Luck of the Irish 

click to enlarge The Dropkick Murphys - clockwise from left: Tim Brennan, Al Barr, James Lynch, Jeff DaRosa, Matt Kelley, Josh "Scruffy" Wallace and Ken Casey.
  • The Dropkick Murphys - clockwise from left: Tim Brennan, Al Barr, James Lynch, Jeff DaRosa, Matt Kelley, Josh "Scruffy" Wallace and Ken Casey.

Punk-rock legends Dropkick Murphys will kick off their annual St. Patrick’s Day festivities with a tour of the Midwest before touching back down in their hometown of Boston for an annual gig — or gigs — on the Irish holiday. Always on the road, it seems, the band celebrates with its town and its people every year.

“It’s been 16 years since we’ve had a break like that, got to spend some time with the wife and kids,” frontman Al Barr said. “The only problem now is that we have to remember how to play these songs.”

In addition to being the vocalist for the seven-piece Irish folk-punk band, Barr is a father of three with an improbably solid un-rock ’n’ roll marriage of more than 20 years. The band took a luxurious four-month break to stretch its legs before kicking off in Cleveland on February 18. Joining the Murphys on this leg of the tour are veteran Memphis folk-punk band Lucero and newcomers Skinny Lister from England.

St. Patrick’s Day for the band has evolved into a solid week of sold-out shows; the rowdy celebration of all things Irish has become a tradition.

“The St. Paddy’s Day tour has always been about the older stuff,” Barr said, “the b-sides, the album tracks, always for the fans.”

But then again, pretty much everything that the Murphys do — especially where Barr is concerned — is for the fans. Since its start almost 20 years ago, the band has established itself by playing and touring constantly. It is often referred to as a party band, which goes hand in hand with its punk-rock image and raucous, exuberant sound.

“You know, if you can party every night and still play well the next day and really give your fans their money’s worth, power to you,” Barr said. “But it’s not about partying; it’s about giving your fans the best time they can have.”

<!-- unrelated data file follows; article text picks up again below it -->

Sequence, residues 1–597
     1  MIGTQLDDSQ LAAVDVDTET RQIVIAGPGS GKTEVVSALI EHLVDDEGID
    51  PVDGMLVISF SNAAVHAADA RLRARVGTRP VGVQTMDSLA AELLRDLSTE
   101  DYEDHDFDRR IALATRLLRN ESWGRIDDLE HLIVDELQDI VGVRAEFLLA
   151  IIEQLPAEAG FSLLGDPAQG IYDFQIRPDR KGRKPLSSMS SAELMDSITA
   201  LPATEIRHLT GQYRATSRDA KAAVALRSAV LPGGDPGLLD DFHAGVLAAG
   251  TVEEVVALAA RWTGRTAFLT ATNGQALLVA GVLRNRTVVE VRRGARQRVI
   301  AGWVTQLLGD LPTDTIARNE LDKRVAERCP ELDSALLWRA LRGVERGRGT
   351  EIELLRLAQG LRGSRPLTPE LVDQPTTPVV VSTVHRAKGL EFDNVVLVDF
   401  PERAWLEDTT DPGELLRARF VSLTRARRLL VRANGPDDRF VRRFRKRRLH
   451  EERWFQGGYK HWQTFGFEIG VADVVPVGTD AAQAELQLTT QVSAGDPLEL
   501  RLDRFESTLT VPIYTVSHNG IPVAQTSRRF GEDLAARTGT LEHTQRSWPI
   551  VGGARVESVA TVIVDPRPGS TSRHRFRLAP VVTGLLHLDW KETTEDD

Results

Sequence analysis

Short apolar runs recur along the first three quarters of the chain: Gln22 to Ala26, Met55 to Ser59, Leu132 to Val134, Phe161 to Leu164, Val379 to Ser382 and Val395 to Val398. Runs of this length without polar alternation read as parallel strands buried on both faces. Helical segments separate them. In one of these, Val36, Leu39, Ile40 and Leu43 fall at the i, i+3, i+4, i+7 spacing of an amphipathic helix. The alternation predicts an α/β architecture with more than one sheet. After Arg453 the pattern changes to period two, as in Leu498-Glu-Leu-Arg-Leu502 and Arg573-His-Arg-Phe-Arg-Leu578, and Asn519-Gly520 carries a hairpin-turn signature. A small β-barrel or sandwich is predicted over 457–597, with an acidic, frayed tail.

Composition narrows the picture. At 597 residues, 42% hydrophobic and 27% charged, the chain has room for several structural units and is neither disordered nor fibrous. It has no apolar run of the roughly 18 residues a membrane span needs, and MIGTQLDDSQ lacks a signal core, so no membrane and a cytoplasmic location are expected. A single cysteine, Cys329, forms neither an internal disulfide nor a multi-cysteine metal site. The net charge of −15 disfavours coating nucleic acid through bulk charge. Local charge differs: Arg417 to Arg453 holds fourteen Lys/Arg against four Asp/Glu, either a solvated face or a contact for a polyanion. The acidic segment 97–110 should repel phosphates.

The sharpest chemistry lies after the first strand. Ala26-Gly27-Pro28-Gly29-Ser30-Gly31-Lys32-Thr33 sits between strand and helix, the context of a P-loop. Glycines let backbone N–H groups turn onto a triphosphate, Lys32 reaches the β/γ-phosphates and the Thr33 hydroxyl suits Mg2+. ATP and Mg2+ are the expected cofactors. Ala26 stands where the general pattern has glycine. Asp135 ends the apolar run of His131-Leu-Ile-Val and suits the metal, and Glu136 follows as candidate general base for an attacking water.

It’s clear that this hard-work ethos is stitched into the band’s makeup and is at least partly the reason it has the fans it does.

Barr remembers fondly the moment he realized they had girl fans.

“I think it was with (third studio album) Sing Loud, Sing Proud,” he said, “And we looked out in the audience and said, ‘Oh my god! There’s actually girls here!’” He thinks this also has to do with the changes in music in general, moving away from fans being devoted to only one genre of music.

What started as a scrappy, thrown-together punk outfit with notions of incorporating Irish folk into its sound has grown into a successful Irish folk band with roots in pure DIY punk rock and fans all over the world. It’s impressive for a band that got its start with a taped recording of bagpipes the sound guy would play over the P.A. of whatever little dive the band was performing in.

“It was very Napoleon Dynamite,” he said. “It was all so rinky-dink. We would hand this tape to the sound guy and ask him to play it at a certain point and then launch into ‘Do or Die.’” The band had the good fortune to be able to find musicians who played what the band members refer to as “the wacky instruments” (bagpipes, mandolin, tin-whistle) in the studio. That played a huge part in establishing the signature Murphys sound. The incorporation of those instruments was always something the band envisioned working into its live sets, but it was logistically impossible 16 years ago.

The transition into the seven-piece band the Murphys are today was, according to Barr, “a really long process.”

“I think we took the better part of about two years just getting the accordion to sound good on stage,” he said. “I think we also went through about 16 accordions.”

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